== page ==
'The best engineers come from Germany'
"I think the apprentices will be guaranteed a job when we go back, so I think we'll be OK," said Rhys from Bristol.
He and his fellow fresh-faced apprentices are huddled around a noisy workbench in Berlin. At just 19, he is one of the youngest in his group at this training centre.
Rhys, a keen rugby player, says he is settling into the German lifestyle and has even found a rugby club nearby.
He is one of just 2,200 young workers chosen from some 45,000 applicants by the electronics and electrical engineering giant Siemens for its pan-European training scheme.
Another apprentice, 21-year-old Gabriel from Northampton, says he came to Berlin to learn the German way.
"They are much more precise, they go into detail a lot more," he says.
"It helps you understand why all the best engineers and creatives come from here."
It is a point that was recently made by the British business lobby group, the CBI.
It warned that the UK's traditional educational route, of A-levels followed by a university degree, was not the only path to a good job and could help deepen a skills crisis in the UK.
The CBI called for more earn-as-you-learn schemes, supported by companies, alongside traditional degrees - and cited Germany as one of the leaders in vocational education.
Siemens's trainees have come from all over Europe for the company's three-year programme, that will give them an income while they learn the art of German engineering.
"I know that right now, it's not the best time to find a job. It's why I'm doing this in Germany," says 20-year old Miguel from Madrid.
He hopes to return to Spain, despite dire employment prospects at home, where one in two young people is out of work.
"Everybody knows what the label 'Made in Germany' means," says 22-year-old Vainius from Lithuania.
"This is a perfect example of how they do it. It is an excellent chance for everyone here."
In Spain, says Miguel, "we don't have opportunity to study practical and theory at same time."
In another classroom at the firm's vast training centre, a British girl stumbles over German grammar. Learning to speak German is part of the deal.
Apprentices here are encouraged to immerse themselves in the culture, offered help in opening a bank account and in other aspects of living abroad: it is a very German approach.
Germany's vocational system has been around for decades and is deeply embedded in society. A university degree does not have quite the same cachet here that it does in many other developed countries.
Youngsters who are not qualified for or interested in going to university can join a programme in which they work part of the week for a firm that pays them and teaches them relevant skills.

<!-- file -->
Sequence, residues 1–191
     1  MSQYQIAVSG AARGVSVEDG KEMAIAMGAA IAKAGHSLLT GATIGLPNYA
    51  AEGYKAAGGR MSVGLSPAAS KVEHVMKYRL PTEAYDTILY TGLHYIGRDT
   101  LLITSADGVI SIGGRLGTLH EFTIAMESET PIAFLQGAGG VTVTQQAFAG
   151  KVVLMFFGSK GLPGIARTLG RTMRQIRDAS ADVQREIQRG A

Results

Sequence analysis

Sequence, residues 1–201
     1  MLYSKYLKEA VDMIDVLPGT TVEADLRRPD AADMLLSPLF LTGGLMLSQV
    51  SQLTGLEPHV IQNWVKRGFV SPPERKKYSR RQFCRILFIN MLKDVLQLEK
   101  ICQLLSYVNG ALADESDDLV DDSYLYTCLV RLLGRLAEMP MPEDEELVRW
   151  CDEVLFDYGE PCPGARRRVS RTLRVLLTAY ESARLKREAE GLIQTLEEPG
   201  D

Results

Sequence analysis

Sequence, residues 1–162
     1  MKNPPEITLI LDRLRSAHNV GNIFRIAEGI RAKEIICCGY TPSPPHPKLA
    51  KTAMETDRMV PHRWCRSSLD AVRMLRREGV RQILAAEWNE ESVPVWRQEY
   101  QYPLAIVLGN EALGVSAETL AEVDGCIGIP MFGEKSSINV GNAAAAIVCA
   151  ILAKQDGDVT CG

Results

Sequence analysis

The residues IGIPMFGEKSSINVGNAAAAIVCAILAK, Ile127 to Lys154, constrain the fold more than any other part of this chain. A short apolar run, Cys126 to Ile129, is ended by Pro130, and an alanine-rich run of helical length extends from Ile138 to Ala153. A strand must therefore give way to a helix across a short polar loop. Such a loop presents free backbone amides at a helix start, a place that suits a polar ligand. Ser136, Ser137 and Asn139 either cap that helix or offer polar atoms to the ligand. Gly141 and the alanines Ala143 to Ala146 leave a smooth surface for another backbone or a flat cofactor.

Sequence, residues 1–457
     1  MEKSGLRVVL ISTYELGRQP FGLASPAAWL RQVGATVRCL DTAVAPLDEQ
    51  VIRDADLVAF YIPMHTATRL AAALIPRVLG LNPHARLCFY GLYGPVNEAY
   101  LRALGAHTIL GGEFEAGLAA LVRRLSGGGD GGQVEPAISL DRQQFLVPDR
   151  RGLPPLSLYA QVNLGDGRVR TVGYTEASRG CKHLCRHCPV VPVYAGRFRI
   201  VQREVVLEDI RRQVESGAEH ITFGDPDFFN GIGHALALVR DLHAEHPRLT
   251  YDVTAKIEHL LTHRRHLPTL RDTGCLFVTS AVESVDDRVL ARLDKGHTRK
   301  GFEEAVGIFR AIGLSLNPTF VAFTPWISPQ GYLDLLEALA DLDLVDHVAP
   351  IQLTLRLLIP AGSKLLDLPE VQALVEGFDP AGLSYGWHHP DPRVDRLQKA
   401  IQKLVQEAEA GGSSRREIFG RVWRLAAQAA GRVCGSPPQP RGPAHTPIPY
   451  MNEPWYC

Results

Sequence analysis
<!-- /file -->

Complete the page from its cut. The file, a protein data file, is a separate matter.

The rest of the time they spend in school.
Chambers of commerce and industry bodies are involved, to ensure that the work and the teaching are matched.
After their apprenticeships, the trainees often have jobs to walk into, in sectors including electrical engineering, sales and marketing, shipping and agriculture.
Roughly two out of three young Germans go through this system.
'They are loyal and proud'
"It's a very practical, applied approach, where young people are partly hired, partly subsidised in this dual education system," says Nora Hesse, a Berlin-based economist at the Open Europe think tank.
"They do receive some money but not too much, and their education is covered by the company that hires them," she says.
Martin Stoeckmann, who runs Siemens's training centre, says that the apprenticeships are a good investment for both the young people and the companies involved.
"Around 90% of them stay at Siemens after they finish their education. They are loyal and proud to be at the company," he says.
The company denies claims that schemes like this represent a brain drain, as Germany sucks in the brightest and best youngsters from all over Europe.
"They are all expected to go home - still working for Siemens - but in their homeland," says Mr Stoeckmann.
Advocates of Germany's vocational training point to the fact that despite the global recession, the number of young Germans out of work remains low.
Youth unemployment in Germany is under 8%, compared with 56% in Spain and 38% in Italy.
Since the 2008 financial crisis, the number of 15- to 29-year-olds not in education, employment or training has risen in most OECD countries - except in Germany.
However, some argue that there are drawbacks to this vocational bias.
Countries that combine school and work-based education, such as Germany, Austria, Denmark and Switzerland, may help young people into jobs, but in older age, these workers' skills can become obsolete, says the influential Munich-based Ifo Institute.
Knowledge is also limited to the operations of the company that trains them.
Yet with a crisis that has hit growth and the job prospects of many young people across Europe, for the apprentices at Siemens, this system offers hope.
Rhys says he is confident of his own future, thanks to the technical training he is getting.
But he says that back in Britain - where 960,000 people aged 16 to 24 are jobless - many of his friends face an uncertain future.
"I am worried for a lot of other people," he says.